I recently went to a creative awards do I’d never been to before. As something of a veteran of these industry shindigs, I was intrigued to see what they might do differently – is it possible to be creative with the format, or is there simply no room for manoeuvre? To be fair, the organisers had made an effort to stamp some personality on the evening, with long refectory-style tables and an ’ironic’ school dinners-style menu.
However, what this setting so cruelly exposed was one of the great failings of the design sector. Walking between the tables revealed a dominant demographic of broad, besuited shoulders and ’number three’ haircuts, reminiscent of a rugby club dinner. Actually, this phenomenon is probably the case at most design get-togethers – but here, neatly lined up in long rows, like some rigorous Swiss grid system, the disparity of the sexes was far more apparent than usual.
You’d think design would be a haven for women. To make your mark in the discipline, you need a mix of imagination and pragmatism – blended with dexterity, determination and excellent social and communication skills. These would seem to be attributes that sit more comfortably with an XX chromosome. And yet, figures show the UK design industry is 68 per cent male, a higher proportion than in many other creative industries, including music and advertising.
From personal experience, the women you come across in design tend to be organisers – project managers especially, but also planning, accounts and administration. It’s almost as if they’ve been assigned mothering roles, making sure the mercurial designer types know what’s what and where they need to be when.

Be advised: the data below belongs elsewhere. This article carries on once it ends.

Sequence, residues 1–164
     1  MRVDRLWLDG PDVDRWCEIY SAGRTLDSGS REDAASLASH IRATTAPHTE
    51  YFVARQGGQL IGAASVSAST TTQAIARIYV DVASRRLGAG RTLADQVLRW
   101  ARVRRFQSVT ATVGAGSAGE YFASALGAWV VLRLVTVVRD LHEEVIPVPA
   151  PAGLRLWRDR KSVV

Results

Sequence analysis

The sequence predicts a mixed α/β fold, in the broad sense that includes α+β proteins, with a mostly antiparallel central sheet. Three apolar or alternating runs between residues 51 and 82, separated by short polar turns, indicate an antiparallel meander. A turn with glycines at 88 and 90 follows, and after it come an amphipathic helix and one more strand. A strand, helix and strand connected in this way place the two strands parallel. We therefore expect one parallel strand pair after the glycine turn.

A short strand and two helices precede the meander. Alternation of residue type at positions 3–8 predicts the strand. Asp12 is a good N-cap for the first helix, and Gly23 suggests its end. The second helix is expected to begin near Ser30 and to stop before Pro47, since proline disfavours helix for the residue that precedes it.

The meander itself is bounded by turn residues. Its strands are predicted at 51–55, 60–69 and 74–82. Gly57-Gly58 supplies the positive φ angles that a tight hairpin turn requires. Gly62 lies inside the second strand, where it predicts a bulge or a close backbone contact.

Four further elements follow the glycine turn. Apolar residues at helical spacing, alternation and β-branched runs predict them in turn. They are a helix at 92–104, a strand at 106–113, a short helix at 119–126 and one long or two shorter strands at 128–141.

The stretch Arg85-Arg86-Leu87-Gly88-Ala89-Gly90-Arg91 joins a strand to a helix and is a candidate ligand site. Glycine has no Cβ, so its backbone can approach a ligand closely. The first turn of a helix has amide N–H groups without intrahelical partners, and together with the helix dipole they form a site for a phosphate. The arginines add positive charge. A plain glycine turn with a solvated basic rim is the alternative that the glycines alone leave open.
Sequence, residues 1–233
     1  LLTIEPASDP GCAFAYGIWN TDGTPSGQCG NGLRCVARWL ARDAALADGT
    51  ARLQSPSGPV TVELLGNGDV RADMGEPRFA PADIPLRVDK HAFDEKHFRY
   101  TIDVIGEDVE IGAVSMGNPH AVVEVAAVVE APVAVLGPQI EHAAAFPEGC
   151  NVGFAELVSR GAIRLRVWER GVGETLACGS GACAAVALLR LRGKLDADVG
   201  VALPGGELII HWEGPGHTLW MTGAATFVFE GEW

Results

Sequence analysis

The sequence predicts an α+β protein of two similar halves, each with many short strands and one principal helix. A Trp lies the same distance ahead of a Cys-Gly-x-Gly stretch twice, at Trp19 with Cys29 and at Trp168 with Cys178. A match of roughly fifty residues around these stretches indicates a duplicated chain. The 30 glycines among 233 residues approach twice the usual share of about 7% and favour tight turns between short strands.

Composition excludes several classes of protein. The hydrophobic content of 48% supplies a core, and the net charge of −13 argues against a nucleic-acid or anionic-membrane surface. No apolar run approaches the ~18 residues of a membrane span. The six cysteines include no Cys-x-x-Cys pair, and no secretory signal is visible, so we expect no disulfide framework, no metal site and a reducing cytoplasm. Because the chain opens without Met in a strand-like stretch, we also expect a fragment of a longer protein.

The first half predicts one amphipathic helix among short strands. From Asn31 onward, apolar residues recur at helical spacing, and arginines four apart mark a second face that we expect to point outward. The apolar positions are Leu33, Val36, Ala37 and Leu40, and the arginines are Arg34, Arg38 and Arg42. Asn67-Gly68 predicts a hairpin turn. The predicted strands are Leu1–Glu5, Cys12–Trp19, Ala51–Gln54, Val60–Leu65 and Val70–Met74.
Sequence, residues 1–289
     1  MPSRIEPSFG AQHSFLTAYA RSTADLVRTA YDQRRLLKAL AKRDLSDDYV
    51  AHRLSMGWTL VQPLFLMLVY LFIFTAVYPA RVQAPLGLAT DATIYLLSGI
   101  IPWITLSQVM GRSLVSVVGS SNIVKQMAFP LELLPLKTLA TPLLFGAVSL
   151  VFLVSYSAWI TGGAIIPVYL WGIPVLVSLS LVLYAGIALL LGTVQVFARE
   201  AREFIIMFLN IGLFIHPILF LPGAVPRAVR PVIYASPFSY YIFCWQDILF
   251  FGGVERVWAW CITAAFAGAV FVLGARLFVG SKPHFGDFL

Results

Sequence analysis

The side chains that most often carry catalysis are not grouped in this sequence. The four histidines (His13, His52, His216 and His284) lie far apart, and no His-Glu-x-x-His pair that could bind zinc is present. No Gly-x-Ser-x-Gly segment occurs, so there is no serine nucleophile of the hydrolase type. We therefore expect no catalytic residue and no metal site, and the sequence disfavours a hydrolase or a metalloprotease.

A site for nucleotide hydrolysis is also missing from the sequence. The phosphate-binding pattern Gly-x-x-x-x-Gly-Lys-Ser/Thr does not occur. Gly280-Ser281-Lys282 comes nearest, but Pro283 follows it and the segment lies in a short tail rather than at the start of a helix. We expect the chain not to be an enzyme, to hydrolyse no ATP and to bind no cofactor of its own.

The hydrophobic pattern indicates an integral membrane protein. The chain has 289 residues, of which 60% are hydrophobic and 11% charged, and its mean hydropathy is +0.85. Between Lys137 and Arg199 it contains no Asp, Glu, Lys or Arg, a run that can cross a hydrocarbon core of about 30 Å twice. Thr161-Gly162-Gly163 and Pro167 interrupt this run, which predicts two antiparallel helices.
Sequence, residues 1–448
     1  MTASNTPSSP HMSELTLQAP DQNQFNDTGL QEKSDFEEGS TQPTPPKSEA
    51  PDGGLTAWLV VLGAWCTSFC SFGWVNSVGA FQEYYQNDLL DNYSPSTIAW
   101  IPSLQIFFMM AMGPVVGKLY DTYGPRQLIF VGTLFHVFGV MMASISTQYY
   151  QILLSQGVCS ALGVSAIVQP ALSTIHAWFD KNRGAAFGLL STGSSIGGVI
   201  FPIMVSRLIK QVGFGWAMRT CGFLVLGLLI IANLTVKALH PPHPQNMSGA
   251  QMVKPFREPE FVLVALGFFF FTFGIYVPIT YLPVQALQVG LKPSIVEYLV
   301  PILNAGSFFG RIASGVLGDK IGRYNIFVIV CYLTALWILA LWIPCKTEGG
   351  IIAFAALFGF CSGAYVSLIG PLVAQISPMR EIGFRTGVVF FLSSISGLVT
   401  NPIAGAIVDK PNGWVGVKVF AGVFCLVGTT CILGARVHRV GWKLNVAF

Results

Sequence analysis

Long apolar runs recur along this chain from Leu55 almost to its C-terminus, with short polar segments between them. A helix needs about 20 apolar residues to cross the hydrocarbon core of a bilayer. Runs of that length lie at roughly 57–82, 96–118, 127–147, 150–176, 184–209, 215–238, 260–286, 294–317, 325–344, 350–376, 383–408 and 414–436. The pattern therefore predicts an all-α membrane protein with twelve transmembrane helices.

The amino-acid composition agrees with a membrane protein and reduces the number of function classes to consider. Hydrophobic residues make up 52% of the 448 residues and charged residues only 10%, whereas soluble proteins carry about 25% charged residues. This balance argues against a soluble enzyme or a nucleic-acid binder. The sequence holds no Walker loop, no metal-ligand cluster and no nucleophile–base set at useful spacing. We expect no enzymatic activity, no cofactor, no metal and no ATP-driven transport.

Because at the coalface of creativity, it’s the boys who hold sway. The happy gaggles of five or six lads wielding pints after the awards ceremony served as a microcosm of the design industry as a whole. According to Design Council figures, consultancies with fewer than five staff account for 85 per cent of companies in the industry. How many of these are male-only enclaves, they don’t say, but I’ll wager there are plenty of these small gangs – friends from college who’ve picked up some experience and plaudits at established consultancies and then struck out on their own.
Which begs another question/ there are more female than male design students, so where do all the girls disappear between graduating and entering the jobs market? While there aren’t enough jobs for every graduate, it would appear that men snaffle most of the limited vacancies.
What’s the problem then? Not enough role models – for every Eileen Grey there’s a dozen Le Corbusiers; for every Paula Scher there’s a gaggle of Alan Fletchers? Times have changed – precedent doesn’t seem relevant. Perhaps it’s that most creative directors are men? But surely they want the best person for the job?
A few years ago, New York design guru Milton Glaser controversially suggested that the reason there are so few female ’rock star graphic designers’ is that ’women get pregnant, have children, go home and take care of their children. And those essential years that men are building their careers and becoming visible are basically denied to women who choose to be at home.’
I don’t buy that. For me it’s simply that there’s something obsessive and trainspotterish about design (particularly graphics) that’s more appealing to the male psyche. Male designers collect typefaces like football cards, and are prepared to argue the night away over a couple of millimetres. Women are blessed with a greater sense of proportion.
Jim Davies is founder of copywriting studio